In this new exhibition curated by Jessica Bridgfoot, a group of mid-career contemporary Australian artists have been commissioned to create new works that responds to significant pieces from the gallerys 19th and 20th century Australian and European collections.
Working across a range of mediums including sound, film, performance and painting and textiles, each were invited to examine the technological, social, environmental, political and historical events that have occurred since the original works were created, and revisit interpretations of Australian and European histories through the lens of contemporary culture.
The exhibition provides an opportunity for this impressive group of artists to use Bendigo Art Gallery
s collection to reflect on and examine not only the past, but the present and the future, in an exhibition that will bring a new energy to, and a different way of seeing, some of the iconic historical works in our collection, said Karen Quinlan, Bendigo Art Gallery Director.
In the exhibition:
Phuong Ngo responds to one of Bendigo Art Gallerys most popular works, Herbert Schmaltz 1886 painting, Too Late, with a multi-screen video installation that examines the ongoing and inherited trauma of post war displacement and loss.
Gabrielle de Vietri has worked with parents from the Bendigo community to create a series of letters to their children, each revealing the individual writers personal hopes and fears against the backdrop of uncertain political futures and environmental shifts. The project, Letters to the Living, responds to Thomas Kenningtons 1890 painting, Homeless, and will become part of a time capsule to be unearthed in the future.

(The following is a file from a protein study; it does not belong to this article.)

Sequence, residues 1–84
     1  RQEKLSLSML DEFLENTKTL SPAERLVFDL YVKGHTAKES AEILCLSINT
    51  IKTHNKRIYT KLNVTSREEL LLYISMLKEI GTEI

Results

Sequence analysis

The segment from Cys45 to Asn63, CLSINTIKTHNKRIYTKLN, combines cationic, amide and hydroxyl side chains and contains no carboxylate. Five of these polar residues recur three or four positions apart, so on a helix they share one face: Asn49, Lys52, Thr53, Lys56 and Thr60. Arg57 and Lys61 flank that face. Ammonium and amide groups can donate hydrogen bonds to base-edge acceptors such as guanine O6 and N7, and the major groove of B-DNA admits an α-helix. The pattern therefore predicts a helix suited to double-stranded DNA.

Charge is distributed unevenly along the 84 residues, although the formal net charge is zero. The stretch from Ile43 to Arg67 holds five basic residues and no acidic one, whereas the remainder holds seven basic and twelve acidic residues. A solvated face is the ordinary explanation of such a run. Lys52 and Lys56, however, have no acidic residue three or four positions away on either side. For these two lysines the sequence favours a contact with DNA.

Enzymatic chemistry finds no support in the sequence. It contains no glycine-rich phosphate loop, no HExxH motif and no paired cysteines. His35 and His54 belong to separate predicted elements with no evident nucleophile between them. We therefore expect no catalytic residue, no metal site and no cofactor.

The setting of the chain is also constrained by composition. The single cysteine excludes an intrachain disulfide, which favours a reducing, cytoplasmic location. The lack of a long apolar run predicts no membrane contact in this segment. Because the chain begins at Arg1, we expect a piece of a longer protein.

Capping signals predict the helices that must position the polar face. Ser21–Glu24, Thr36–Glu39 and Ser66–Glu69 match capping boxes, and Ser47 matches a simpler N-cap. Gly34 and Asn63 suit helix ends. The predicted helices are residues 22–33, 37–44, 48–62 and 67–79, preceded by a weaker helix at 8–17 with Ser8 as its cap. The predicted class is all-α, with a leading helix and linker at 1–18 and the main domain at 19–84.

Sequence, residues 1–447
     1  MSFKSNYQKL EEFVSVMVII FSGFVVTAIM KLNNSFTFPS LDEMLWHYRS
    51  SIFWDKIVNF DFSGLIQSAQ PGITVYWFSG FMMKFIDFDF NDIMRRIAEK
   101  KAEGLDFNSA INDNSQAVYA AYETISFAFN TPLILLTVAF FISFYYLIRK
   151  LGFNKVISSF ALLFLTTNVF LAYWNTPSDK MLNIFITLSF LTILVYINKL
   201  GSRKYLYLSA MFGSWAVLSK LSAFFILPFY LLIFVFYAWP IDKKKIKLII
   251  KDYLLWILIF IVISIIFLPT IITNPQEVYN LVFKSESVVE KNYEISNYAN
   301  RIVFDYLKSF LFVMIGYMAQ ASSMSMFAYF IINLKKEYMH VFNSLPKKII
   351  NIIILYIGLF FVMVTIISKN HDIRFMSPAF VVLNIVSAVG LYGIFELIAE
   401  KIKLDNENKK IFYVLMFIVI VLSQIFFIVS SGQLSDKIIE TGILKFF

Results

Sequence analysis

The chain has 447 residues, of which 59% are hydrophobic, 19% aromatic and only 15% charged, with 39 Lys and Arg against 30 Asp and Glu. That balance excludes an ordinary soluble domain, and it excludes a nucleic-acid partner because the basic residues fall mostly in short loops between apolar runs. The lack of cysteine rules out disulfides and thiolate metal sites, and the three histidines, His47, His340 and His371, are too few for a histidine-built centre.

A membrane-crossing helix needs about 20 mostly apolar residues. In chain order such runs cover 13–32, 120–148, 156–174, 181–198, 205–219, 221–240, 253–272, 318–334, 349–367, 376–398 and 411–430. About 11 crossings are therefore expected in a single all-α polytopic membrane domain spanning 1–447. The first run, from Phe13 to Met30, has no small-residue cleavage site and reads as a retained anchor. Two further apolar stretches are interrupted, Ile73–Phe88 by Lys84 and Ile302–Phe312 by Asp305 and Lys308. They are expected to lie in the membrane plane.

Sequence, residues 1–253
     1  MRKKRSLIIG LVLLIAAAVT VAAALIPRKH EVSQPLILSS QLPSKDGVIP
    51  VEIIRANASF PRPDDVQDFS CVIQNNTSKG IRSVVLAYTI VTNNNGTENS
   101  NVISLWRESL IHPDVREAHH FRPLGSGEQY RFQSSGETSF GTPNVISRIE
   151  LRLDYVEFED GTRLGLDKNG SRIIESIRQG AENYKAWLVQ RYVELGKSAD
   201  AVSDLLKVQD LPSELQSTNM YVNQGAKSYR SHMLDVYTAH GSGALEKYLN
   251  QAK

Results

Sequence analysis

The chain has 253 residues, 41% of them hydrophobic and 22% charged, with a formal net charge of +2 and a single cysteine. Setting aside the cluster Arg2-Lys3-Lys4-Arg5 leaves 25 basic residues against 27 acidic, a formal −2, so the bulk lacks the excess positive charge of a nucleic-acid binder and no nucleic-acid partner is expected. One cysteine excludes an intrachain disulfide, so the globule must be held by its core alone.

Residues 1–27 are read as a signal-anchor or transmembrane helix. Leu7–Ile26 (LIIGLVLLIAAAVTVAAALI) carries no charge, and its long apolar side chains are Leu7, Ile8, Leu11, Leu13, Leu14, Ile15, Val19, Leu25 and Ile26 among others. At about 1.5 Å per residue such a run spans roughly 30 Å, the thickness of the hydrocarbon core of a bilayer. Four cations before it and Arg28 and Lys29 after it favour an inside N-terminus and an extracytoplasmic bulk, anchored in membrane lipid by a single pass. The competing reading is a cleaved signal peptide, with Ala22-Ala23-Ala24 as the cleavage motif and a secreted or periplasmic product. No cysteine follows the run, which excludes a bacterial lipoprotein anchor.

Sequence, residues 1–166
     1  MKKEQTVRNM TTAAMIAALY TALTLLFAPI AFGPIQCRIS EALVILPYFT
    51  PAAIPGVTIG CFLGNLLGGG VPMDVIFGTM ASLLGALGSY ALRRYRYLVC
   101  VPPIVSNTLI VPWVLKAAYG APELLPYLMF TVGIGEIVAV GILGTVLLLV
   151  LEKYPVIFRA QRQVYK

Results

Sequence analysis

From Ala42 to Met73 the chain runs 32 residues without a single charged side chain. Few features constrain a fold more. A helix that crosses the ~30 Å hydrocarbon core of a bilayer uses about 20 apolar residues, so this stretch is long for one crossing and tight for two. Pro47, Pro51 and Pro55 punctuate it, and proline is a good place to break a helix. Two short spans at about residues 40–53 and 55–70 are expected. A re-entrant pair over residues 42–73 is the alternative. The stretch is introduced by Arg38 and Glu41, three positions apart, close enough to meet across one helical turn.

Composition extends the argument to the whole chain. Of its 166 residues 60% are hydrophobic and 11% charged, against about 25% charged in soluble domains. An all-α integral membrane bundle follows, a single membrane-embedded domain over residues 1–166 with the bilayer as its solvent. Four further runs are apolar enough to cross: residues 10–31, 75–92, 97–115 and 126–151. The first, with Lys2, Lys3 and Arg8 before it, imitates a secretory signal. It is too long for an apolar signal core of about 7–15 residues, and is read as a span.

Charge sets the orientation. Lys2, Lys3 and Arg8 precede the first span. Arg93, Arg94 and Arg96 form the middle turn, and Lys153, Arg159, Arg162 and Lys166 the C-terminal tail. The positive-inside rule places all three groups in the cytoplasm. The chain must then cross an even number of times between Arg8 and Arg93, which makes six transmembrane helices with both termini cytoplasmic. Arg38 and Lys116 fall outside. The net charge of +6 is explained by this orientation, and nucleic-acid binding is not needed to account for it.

Pilar Mata DuPont has worked with a series of international artists to create a video installation responding to Agnes Goodsirs painting, Girl with a Cigarette (circa 1925), and Paul Yore and Devon Ackermann exhibiting under the moniker of FAMILY FIRST! question the value systems underpinning traditional institutes of the church, state and the family unit, by responding to Carl Hoffs The Golden Wedding.
By commissioning a series of contemporary responses to historic works, New Histories highlights the historic role of the artist and the museum as documenters and commentators of the world and invites us to rethink colonial and western ways of viewing, Jessica Bridgfoot said. Through a kind of cross examination process, the artists are invoking in us a moment of self-reflection look at how far weve come what have or havent we learnt from the past?